Shirataki noodles

From Wikipedia, the free encyclopedia
Jump to navigation Jump to search
Shirataki noodles
Shiratakinoodles.jpg
Shirataki noodles (top) and other ingredients in a donabe
Type Japanese noodles
Place of origin Japan
Main ingredients Noodles (konjac yam)
  • Cookbook: Shirataki noodles
  •   Media: Shirataki noodles

Shirataki (白滝, often written with the hiragana しらたき) are thin, translucent, gelatinous traditional Japanese noodles made from the konjac yam (devil's tongue yam or elephant yam).[1] The word "shirataki" means white waterfall, referring to the appearance of these noodles. Largely composed of water and glucomannan, a water-soluble dietary fiber, they are very low in digestible carbohydrates and calories, and have little flavor of their own.[2][3][4]

Shirataki noodles come in dry and soft "wet" forms in Asian markets and some supermarkets. When purchased wet, they are packaged in liquid. They normally have a shelf life of up to one year. Some brands require rinsing or parboiling, as the water in the packaging has an odor some find unpleasant[5].

The noodles can also be drained and dry-roasted, which diminishes bitterness and gives the noodles a more pasta-like consistency. Dry-roasted noodles can be served in soup stock or a sauce.[6]

Sources

The glucomannan noodles come from the root of an Asian plant called konjac (full name Amorphophallus konjac). It has been nicknamed the elephant yam, and also called konjaku, konnyaku, or the konnyaku potato.[7]

Other names

Shirataki also goes by the names "ito konnyaku", yam noodles, and devil's tongue noodles.[8]

Ito konnyaku and shirataki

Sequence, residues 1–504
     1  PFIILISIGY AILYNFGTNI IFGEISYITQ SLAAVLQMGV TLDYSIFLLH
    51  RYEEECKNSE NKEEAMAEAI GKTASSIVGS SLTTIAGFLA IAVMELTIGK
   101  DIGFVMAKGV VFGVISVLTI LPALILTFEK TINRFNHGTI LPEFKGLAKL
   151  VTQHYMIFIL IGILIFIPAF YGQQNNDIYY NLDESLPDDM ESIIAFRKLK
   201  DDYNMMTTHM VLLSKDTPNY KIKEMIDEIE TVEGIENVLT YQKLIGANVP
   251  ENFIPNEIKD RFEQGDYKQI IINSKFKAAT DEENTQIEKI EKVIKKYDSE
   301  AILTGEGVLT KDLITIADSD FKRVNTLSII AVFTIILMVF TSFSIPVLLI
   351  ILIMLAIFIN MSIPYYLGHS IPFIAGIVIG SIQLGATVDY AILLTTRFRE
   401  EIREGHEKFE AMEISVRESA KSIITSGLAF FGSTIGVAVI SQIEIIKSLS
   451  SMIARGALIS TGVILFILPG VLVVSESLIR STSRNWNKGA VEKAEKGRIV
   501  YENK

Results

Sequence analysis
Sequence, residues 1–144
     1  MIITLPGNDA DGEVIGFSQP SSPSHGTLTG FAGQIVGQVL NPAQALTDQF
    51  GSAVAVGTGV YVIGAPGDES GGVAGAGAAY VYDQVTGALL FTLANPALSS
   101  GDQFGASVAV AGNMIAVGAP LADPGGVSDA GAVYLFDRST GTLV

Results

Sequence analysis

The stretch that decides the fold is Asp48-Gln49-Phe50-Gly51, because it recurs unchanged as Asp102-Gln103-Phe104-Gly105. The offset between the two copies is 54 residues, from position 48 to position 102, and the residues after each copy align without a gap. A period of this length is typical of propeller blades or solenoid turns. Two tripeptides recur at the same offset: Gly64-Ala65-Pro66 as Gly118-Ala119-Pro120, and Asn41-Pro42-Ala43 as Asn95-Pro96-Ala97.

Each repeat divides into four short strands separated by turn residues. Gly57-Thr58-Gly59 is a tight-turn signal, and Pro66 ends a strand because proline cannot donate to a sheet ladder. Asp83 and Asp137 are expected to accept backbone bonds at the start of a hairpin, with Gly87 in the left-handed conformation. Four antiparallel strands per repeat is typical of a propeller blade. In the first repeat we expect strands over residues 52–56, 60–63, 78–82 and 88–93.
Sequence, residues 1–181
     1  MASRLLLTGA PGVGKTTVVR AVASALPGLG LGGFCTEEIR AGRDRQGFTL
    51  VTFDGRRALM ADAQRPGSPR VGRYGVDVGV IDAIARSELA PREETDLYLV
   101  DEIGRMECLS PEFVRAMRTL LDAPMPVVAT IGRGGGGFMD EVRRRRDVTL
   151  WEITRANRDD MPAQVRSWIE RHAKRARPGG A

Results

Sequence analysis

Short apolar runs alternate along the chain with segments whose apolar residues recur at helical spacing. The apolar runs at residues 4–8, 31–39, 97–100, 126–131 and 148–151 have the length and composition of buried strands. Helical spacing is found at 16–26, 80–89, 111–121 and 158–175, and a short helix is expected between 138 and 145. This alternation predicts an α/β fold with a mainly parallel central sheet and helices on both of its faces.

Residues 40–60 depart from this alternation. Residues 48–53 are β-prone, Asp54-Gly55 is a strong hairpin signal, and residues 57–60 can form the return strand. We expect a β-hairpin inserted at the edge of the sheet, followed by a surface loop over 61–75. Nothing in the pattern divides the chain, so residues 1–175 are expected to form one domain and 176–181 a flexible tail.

There used to be a difference in manufacturing methods. Producers in the Kansai region of Japan prepared ito konnyaku by cutting konnyaku jelly into threads, while producers in the Kantō region made shirataki by extruding konnyaku sol through small holes into a hot, concentrated lime solution.[9] Today, producers make both types using the latter method. Ito konnyaku is generally thicker than shirataki, with a square cross section and a darker color. It is preferred in the Kansai region.[citation needed]

References

  1. ^ Hui, Yiu. "Handbook of food science, technology, and engineering, Volume 4." CRC Press: 2006. p. 157-11.
  2. ^ "Shirataki Noodle Recipes: The No-Carb Pasta". September 28, 2012. Retrieved August 28, 2016.
  3. ^ "Konjac Foods - Pure Fiber Zero Calories Pasta". www.konjacfoods.com.
  4. ^ "Why My Fridge Is Never Without Shirataki Noodles (and Yours Shouldn't be Either)". February 18, 2015. Retrieved August 28, 2016.
  5. ^ [[1]]
  6. ^ "How To Cook". Miracle Noodle.
  7. ^ About.com Shirataki Site About.com's information about shirataki noodles, how they are made and where to get them.
  8. ^ Hui, Yiu. "Handbook of food science, technology, and engineering, Volume 4." CRC Press: 2006. p. 157-12.
  9. ^ (in Japanese) 「糸こんにゃく」と「しらたき」論争 Archived 2011-02-27 at the Wayback Machine., Tokyo Gas
Retrieved from "https://en.wikipedia.org/w/index.php?title=Shirataki_noodles&oldid=863740878"
This content was retrieved from Wikipedia : http://en.wikipedia.org/wiki/Shirataki_noodles
This page is based on the copyrighted Wikipedia article "Shirataki"; it is used under the Creative Commons Attribution-ShareAlike 3.0 Unported License (CC-BY-SA). You may redistribute it, verbatim or modified, providing that you comply with the terms of the CC-BY-SA